Detroit Office Warms Up for the Summer
Metro Detroit saw some encouraging trends through the end of the second quarter. The overall market saw the vacancy rate decrease by sixty basis points, and reported 1,162,532 SF of positive net absorption. While vacancy and absorption moved in a positive direction, across the market, rent growth was minimal.
Downtown Detroit continues to be the exciting story in Southeast Michigan. Vacancy rates in Class A buildings are at a minimum, and for many legacy tenants that signed leases five to ten years ago, the current renewal terms are accompanied with a massive case of sticker shock. Time will tell if tenants elect to relocate from the CBD altogether, or seek out space in nearby Class B buildings. Current trends point to the latter as the more common scenario.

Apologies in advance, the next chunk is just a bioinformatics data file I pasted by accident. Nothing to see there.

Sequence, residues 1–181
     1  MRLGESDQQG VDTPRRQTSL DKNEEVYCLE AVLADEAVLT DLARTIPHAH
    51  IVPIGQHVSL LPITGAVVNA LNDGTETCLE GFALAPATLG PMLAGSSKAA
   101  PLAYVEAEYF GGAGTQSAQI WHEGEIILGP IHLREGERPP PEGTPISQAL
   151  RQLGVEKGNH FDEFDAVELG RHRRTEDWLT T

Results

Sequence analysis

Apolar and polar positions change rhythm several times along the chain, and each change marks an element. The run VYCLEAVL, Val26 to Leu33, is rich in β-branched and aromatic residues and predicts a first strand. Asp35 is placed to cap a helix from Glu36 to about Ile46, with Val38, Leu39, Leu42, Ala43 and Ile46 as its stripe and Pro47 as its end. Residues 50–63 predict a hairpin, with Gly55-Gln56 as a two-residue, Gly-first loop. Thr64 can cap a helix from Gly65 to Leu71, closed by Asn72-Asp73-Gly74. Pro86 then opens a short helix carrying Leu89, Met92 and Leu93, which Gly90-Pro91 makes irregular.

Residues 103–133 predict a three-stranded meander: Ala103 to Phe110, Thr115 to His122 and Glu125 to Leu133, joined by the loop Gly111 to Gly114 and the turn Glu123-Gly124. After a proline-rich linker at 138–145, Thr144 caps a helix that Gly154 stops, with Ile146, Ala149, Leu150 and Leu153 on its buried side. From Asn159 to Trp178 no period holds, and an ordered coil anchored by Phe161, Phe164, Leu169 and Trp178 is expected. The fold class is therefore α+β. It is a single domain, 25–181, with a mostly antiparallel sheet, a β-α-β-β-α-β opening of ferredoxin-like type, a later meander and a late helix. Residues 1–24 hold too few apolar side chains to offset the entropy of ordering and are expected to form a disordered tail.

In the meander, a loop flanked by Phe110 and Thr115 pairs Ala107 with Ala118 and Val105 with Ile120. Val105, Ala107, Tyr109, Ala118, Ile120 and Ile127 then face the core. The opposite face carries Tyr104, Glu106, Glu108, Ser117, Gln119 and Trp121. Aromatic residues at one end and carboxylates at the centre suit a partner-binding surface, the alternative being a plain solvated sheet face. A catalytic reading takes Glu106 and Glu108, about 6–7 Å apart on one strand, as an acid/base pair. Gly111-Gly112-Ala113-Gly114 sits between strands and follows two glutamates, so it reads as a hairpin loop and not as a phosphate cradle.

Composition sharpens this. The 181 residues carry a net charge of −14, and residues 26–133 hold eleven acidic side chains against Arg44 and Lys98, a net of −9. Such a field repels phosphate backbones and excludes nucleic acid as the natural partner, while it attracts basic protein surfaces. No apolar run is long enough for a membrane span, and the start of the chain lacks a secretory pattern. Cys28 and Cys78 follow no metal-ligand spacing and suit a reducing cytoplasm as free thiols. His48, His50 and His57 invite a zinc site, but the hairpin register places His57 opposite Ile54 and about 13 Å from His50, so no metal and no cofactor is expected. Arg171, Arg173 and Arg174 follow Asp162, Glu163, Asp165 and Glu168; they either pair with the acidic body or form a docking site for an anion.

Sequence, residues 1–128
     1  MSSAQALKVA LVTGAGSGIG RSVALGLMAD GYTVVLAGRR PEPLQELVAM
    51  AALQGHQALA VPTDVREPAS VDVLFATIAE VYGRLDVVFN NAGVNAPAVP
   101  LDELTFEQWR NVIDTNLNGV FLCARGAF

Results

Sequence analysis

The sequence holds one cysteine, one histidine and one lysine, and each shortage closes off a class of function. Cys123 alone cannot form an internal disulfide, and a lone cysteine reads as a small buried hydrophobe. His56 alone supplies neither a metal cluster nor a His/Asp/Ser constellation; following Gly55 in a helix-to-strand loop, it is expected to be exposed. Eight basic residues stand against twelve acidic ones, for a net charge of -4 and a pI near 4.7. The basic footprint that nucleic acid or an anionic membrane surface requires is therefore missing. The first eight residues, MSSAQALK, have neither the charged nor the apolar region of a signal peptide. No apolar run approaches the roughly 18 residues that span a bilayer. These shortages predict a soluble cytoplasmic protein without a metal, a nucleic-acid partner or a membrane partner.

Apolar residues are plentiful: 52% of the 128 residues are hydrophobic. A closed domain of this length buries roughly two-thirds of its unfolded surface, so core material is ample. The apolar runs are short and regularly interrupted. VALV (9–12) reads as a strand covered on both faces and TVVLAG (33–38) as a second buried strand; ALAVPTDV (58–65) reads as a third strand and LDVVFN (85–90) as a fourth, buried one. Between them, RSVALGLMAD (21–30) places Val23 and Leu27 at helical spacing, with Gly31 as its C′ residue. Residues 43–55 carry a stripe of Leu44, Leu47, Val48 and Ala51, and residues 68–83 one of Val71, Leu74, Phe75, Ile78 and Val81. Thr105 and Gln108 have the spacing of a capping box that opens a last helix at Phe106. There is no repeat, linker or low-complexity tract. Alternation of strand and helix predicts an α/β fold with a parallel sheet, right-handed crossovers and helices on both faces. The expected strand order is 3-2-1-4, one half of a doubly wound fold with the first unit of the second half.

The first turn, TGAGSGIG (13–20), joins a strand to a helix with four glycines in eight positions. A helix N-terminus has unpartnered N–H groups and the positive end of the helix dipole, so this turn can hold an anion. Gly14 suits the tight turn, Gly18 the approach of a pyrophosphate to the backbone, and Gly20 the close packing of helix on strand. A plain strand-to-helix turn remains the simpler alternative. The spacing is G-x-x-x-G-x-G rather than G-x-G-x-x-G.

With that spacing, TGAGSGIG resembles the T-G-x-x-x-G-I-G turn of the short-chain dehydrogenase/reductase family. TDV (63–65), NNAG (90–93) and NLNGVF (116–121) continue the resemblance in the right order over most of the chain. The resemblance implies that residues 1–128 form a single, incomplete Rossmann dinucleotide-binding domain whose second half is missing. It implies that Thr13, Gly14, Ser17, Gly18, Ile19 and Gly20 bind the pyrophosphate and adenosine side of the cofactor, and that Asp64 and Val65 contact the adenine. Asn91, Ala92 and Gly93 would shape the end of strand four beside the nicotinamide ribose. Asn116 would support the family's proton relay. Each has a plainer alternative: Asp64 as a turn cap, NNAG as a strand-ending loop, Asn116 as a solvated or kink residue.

Into the third quarter, expect the current trends to remain in place. Service firms and the automotive industry continue to have an appetite for more space, bringing occupancy rates up. At the same time, the overall amount of vacant space will keep rent growth at a minimum, with the exception of a handful of top-shelf buildings. As the market continues to improve and as cap rates continue to compress in top-tier markets, expect to see more out-of-town capital purchasing buildings in Michigan.